Former Mountaineers Snoqualmie Lodge property to be sold

Mountaineers seeks buyer for former Snoqualmie Lodge property
Martinique Grigg Martinique Grigg
February 10, 2015
Former Mountaineers Snoqualmie Lodge property to be sold


At the January 2015 meeting, the Mountaineers Board of Directors announced its decision to seek a buyer for the 77-acre property that was once the site of the historic Snoqualmie Lodge.

The property, located off Exit 53 on Interstate 90, was purchased in 1944 by The Mountaineers, an outdoor recreation, education and conservation organization. The rustic 4,000-square-foot lodge was built by an all-volunteer crew in 1948. The three-story Snoqualmie Lodge was used as a base camp, outdoor training facility, and program center for more than 50 years until it was destroyed by a fire in May 2006.

The property, surrounded by popular skiing and hiking trails, has been vacant ever since, and is monitored by a full-time caretaker who lives on-site. “Monitoring a vacant lot is not the best use of our money or energy, and continued ownership does not help us maximize the property’s potential or further our mission,” said Martinique Grigg, Executive Director, The Mountaineers. “Continued ownership of the empty parcel also exposes us to potential risk from trespassers or vandals.”

In Oct. 2013, The Mountaineers Board of Directors established a committee to explore options for the future use or disposal of the property. Three town hall meetings were held to gather member input. Committee members also spoke with more than 15 recreation and conservation organizations to solicit feedback, and conducted extensive research on possible options for property disposal.

The Mountaineers has not yet determined how funds from the future property sale will be used. For the time being, the money will go into a reserve fund. “Thanks to our solid financial footing and stable management team, we are under no time constraints to spend the money quickly,” said Grigg. “We will consider a variety of options consistent with our mission to help people enjoy the outdoors. These might include youth initiatives, outdoor adventure programs, classes or outdoor centers.”

The Board of Directors believes that the timing of the sale is not reliant on market trends. “The property is unique and it will rely on finding a buyer who is interested in its unique qualities,” said Dan Lauren, board president. “We are committed to finding not only the right deal with the right people that offers our organization an attractive return, but also one that respects our conservation and recreation values.”

The Mountaineers was founded in 1906 to help people explore, conserve, learn about and enjoy the beauty of the Pacific Northwest. The group offers programs and training, outdoor trips and events. It has seven branch locations serving some 10,500 members as well as four lodges and two program centers in Seattle and Tacoma. Its publishing arm, Mountaineers Books, has more than 700 titles in print.

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Susan Lyon
Susan Lyon says:
Feb 12, 2015 05:23 PM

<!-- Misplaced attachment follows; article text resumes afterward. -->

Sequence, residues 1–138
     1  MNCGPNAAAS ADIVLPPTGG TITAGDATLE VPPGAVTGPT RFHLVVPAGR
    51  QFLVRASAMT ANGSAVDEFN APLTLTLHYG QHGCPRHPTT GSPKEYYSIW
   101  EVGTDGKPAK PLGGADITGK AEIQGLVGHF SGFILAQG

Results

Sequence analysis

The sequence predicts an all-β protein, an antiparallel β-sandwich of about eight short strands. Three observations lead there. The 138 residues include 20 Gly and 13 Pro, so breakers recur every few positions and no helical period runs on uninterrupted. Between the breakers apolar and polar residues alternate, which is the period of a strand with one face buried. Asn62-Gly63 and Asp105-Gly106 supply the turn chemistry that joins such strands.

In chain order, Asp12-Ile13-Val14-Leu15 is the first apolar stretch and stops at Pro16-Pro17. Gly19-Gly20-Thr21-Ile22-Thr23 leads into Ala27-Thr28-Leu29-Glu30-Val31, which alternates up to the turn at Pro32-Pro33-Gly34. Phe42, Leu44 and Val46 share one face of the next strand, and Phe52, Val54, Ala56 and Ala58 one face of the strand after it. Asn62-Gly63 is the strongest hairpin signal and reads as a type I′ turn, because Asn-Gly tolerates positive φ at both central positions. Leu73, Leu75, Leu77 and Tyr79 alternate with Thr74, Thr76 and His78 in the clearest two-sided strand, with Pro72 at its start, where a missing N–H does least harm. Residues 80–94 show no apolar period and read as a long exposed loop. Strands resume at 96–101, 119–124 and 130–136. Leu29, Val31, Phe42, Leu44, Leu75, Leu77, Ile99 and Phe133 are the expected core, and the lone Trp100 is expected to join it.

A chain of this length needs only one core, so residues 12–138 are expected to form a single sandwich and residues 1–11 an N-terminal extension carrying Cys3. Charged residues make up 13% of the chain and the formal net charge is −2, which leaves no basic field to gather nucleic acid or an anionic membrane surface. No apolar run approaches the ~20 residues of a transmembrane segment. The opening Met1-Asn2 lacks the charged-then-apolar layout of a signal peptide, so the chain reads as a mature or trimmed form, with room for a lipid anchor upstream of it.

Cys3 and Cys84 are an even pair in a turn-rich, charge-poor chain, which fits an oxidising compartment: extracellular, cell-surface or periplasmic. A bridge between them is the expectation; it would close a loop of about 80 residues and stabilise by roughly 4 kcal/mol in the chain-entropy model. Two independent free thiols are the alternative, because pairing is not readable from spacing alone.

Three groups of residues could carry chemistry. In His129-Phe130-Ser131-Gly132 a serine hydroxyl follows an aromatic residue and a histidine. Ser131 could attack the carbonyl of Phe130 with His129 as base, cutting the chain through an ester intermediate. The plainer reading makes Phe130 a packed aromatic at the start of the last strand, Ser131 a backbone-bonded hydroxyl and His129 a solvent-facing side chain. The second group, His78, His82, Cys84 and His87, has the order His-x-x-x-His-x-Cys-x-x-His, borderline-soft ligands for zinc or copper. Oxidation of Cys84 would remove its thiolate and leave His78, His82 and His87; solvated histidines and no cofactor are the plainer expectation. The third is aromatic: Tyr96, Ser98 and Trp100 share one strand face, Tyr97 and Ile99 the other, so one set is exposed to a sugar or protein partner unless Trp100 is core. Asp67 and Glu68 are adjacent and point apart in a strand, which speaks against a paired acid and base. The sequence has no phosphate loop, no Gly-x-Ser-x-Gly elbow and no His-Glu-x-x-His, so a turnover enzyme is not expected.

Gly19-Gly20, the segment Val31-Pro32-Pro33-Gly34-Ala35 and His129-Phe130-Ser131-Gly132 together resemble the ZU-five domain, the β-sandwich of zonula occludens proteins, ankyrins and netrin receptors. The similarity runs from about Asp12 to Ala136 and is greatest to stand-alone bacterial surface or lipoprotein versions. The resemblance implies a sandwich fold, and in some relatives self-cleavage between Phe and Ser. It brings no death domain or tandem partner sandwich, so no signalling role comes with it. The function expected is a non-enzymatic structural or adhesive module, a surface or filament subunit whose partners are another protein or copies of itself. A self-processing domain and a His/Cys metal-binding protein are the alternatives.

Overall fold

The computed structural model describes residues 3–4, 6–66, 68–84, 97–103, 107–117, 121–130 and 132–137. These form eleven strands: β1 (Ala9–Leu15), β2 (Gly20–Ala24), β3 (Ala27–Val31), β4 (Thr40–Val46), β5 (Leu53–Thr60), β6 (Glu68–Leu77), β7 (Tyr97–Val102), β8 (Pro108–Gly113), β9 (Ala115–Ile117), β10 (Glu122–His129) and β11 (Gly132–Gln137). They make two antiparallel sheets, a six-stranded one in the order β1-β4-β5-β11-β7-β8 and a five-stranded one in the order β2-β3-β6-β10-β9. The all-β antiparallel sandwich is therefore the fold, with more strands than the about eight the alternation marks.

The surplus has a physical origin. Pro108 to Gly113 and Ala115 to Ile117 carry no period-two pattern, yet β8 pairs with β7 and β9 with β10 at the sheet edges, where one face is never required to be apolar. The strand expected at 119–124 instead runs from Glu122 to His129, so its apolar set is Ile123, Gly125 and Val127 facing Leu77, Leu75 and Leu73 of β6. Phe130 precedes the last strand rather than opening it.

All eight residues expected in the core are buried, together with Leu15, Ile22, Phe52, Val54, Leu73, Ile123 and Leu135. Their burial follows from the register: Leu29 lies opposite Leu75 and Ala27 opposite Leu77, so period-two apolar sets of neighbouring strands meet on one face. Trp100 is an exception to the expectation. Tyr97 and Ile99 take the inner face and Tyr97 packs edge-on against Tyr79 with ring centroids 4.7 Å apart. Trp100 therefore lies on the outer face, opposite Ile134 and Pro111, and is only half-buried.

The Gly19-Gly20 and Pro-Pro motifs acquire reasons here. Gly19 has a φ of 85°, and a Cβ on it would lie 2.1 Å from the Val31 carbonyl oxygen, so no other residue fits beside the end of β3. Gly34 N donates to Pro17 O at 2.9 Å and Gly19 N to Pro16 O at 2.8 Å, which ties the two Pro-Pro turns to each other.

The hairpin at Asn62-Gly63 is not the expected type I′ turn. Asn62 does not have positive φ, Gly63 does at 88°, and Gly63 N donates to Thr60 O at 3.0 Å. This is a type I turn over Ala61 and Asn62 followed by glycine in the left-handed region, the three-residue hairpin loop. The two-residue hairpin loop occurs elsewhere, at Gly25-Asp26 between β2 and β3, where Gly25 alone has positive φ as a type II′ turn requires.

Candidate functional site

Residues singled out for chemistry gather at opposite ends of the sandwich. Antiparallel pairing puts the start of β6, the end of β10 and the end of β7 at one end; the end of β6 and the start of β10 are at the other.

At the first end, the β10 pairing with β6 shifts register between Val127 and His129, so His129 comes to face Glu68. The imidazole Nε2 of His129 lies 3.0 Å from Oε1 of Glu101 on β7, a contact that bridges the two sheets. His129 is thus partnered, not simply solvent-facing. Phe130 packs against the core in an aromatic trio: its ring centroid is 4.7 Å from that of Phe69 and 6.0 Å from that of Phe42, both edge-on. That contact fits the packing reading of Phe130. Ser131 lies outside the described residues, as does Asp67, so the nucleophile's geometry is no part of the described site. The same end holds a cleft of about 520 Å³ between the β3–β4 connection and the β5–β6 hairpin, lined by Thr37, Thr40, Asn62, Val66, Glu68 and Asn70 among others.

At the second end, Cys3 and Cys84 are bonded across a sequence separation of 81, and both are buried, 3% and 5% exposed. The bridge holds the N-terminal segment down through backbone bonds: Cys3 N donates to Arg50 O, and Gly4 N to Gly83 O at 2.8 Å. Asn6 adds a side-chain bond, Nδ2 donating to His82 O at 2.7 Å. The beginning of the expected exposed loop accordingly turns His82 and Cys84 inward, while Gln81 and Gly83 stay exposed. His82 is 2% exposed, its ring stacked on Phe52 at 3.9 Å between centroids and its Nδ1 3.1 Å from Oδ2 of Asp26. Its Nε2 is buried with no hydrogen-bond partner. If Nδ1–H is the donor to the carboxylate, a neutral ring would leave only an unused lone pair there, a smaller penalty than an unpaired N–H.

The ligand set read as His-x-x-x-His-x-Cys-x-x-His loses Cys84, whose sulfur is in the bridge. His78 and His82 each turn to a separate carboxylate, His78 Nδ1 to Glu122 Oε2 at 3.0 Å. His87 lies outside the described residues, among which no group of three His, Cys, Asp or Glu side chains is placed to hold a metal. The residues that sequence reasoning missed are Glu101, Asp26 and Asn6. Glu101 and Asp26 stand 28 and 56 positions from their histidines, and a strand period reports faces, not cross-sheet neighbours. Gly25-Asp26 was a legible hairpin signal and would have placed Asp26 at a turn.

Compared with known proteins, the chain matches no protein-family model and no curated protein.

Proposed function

What a shame! 77 acres at Snoqualmie Pass for which The Mountaineers pay only $7,500 per year in property taxes! How very sad that an organization who leaders in the past managed to acquire this property now lacks the imagination, direction and desire to use it effectively and at the very least to preserve it for future Mountaineer projects in the years ahead. This is another step backwards for this once fine organization.

Geoffrey Lawrence
Geoffrey Lawrence says:
Feb 20, 2015 02:00 PM

Thank you for commenting about the sale of the Snoqualmie property. As you know, our mission is to enrich the community and help people enjoy the outdoors. It would be wonderful if The Mountaineers had unlimited funding and staff/volunteer resources to preserve every legacy and embrace all initiatives. Unfortunately, that is not the case and the Snoqualmie property has been under-utilized for many years, particularly since the lodge was destroyed by fire in 2006.

I was a volunteer member of the subcommittee that explored property options -- the third such subcommittee within the past 15 years but the first to arrive at a recommendation -- and I can attest that all options were explored with as many stakeholders as possible. Our deliberate process lasted nearly 1 ½ years. The unanimous recommendation was that we can best achieve our mission by using the proceeds of a sale to fund other programs and initiatives that move our organization forward. We realized this action would not be viewed positively by all and we appreciate your taking the time to let your voice be heard.

Eric Land
Eric Land says:
Mar 01, 2015 09:05 AM

Sad day for the organization! That is one of the most valuable assets the group has and now they are anxious to dispose of it. Guess the board would rather build another fake rock wall in the city instead of getting people out into actual mountains.

Eric Linxweiler
Eric Linxweiler says:
Mar 05, 2015 10:10 AM

This wasn't a quick decision. Rather, it's been years in discussion. This property isn't used, and a recent study showed that there's not much value to the organization in developing it. So, why not sell it and use the money to get a new property that Mountaineers will use? Mazama Climbing Ranch? Leavenworth Lodge? Olympic Outdoor Center? I'm excited about what's next!